Robe and StoleIt started innocently enough.

Ralph Starling showed up on Pentecost Sunday without his red tie (I had encouraged everyone to wear red on Pentecost, especially those who were leading in worship) and I said, “No problem.  You can wear my red stole.”

I had this beautiful handmade Pentecost stole, with “tongues of fire” on it hanging up in my closet.  It was made for me by a woman in Texas who does this kind of thing as her specialty.  I love it, but I don’t get many chances to wear it as the ministers at First Baptist typically wear robes only on special occasions.

So Ralph hung it around his neck as he did the Welcome and Call to Worship, and it looked so good on him I asked if I could get it back before the sermon at the 11:00 service.  I thought, “Why not?  Pentecost is a special occasion!”  So I slipped out during one of the hymns, put on my robe and stole, and came back out to preach.

It felt good.  It looked good.  And someone told me afterward, “You were on fire!” (I thought he was talking about my preaching; turns out he was only talking about my stole).

I posted the picture on Facebook and asked for opinions.  The overwhelming majority of those were positive.  Many people said I should wear the robe every week.

The next week was Trinity Sunday, and we had a youth choir from a Methodist Church in North Carolina visiting.  I had a white stole hanging in my closet, perfect for Trinity Sunday, and the visiting youth choir was used to seeing their minister in a robe and stole.  So, I did it again: I preached in my robe and stole and it felt great.

At my last church I preached in a robe every week, and I enjoyed it for several reasons.  1) I didn’t have to think so much about what I was going to wear on Sunday, or whether my shirt matched my tie, 2) theologically, a robe is intended to let the preacher “disappear” so that the word of God can be heard, and 3) the stole is a symbol of “the yoke of Christ,” and every time I put it on before I preached I would feel the responsibility to speak a word for him.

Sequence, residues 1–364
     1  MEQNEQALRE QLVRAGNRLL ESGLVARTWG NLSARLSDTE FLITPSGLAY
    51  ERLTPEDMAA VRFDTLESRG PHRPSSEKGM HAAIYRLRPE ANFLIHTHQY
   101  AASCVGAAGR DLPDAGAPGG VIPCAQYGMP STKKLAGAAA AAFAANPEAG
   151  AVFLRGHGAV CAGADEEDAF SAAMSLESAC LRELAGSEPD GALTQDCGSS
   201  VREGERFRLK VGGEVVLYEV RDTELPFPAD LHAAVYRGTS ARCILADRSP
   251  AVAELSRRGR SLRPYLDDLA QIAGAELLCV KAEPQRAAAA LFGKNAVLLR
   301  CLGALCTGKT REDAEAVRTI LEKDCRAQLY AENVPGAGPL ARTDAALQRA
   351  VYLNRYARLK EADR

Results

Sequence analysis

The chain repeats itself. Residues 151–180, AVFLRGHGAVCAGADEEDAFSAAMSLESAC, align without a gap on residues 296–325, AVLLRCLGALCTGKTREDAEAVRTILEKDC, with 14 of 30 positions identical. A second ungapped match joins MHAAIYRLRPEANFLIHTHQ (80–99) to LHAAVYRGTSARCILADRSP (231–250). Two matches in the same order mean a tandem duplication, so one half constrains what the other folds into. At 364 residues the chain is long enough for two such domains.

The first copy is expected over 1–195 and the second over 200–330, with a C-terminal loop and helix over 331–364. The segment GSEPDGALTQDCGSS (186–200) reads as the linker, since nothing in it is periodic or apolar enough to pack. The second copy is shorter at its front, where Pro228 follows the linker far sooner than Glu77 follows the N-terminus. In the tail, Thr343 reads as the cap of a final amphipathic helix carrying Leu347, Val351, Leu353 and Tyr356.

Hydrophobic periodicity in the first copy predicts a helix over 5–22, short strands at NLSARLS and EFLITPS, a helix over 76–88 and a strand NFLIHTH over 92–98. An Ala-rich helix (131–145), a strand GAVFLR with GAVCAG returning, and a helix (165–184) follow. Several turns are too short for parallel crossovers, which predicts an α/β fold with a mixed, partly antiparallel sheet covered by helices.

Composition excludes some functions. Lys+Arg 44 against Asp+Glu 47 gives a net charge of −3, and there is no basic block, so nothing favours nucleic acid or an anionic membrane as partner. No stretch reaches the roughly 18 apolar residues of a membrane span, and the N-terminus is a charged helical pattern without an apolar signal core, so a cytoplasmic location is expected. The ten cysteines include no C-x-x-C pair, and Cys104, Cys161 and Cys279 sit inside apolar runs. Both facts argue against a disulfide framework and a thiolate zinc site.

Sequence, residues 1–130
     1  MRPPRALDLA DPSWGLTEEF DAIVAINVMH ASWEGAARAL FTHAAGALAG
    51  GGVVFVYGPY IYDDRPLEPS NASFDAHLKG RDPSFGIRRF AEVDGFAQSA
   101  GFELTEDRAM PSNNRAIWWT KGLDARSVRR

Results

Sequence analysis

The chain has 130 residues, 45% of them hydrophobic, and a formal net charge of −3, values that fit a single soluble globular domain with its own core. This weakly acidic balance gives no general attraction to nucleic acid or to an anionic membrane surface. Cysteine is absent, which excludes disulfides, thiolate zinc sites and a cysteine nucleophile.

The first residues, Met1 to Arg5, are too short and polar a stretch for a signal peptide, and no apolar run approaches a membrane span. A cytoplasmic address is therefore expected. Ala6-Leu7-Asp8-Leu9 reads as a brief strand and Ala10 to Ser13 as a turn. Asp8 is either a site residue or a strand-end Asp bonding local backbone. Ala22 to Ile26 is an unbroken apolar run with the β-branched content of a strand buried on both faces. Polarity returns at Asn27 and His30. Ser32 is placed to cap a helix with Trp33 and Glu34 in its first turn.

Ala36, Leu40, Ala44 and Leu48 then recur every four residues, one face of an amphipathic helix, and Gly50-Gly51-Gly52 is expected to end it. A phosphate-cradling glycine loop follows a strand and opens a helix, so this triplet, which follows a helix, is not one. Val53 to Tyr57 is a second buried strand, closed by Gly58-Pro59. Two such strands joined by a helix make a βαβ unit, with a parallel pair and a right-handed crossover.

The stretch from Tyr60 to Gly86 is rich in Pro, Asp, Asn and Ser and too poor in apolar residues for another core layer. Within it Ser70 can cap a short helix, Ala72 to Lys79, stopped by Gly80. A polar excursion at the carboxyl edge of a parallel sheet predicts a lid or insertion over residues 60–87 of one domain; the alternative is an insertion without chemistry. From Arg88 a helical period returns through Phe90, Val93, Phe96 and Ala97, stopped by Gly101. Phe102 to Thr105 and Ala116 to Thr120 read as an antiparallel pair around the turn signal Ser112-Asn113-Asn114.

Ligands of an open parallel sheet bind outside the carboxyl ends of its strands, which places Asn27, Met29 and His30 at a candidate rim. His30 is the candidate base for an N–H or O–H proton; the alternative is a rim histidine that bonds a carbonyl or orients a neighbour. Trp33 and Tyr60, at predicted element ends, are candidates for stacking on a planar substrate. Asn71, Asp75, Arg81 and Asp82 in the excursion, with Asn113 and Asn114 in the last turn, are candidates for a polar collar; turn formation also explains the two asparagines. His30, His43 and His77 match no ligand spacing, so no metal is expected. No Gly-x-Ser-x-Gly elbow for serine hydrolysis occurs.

Maybe that’s why, last Sunday, even though there wasn’t any real reason to do so, and it wasn’t what you would call a “special” Sunday (the Second Sunday after Pentecost), I put on the robe again, and a beautiful green stole that matched the colors on the pulpit and the communion table.

And that’s when my phone began to ring.

It started with a mention that one of our Sunday school teachers didn’t care much for the robe and stole.  And then I got email from a former deacon chair who spelled out reasons, both traditional and theological, for returning to a suit and tie.  And finally a member of my “kitchen cabinet,” my informal advisory panel, gave me some informal advice: “It’s just not us,” he said, apologetically.

And that’s what stuck.

For ten years I’ve been wearing a suit and tie on Sunday mornings out of respect for this church’s tradition.  I’ve done some other things to push us toward a more liturgical style of worship: we use the lectionary; we say “Thanks be to God”; we observe the colors and seasons of the Christian year.  But the robe and stole was probably a step too far, and people who love me and love the church were honest enough to say so.

It “clicked” for me last night, when I went to an interfaith dinner and saw the pastor of River Road Church, Baptist, wearing a clerical collar.  It looked good on him, and fit in nicely with that church’s formal, liturgical tradition.  But I thought, “That’s not me,” in the same way one of my advisors had said, “That’s not us.”

So, look for me in a suit this Sunday, honoring the tradition of Richmond’s First Baptist Church, but grateful to be in a place where the pastor can wear a robe and a stole if he wants to.

Don’t be surprised if it comes out again—next Pentecost.

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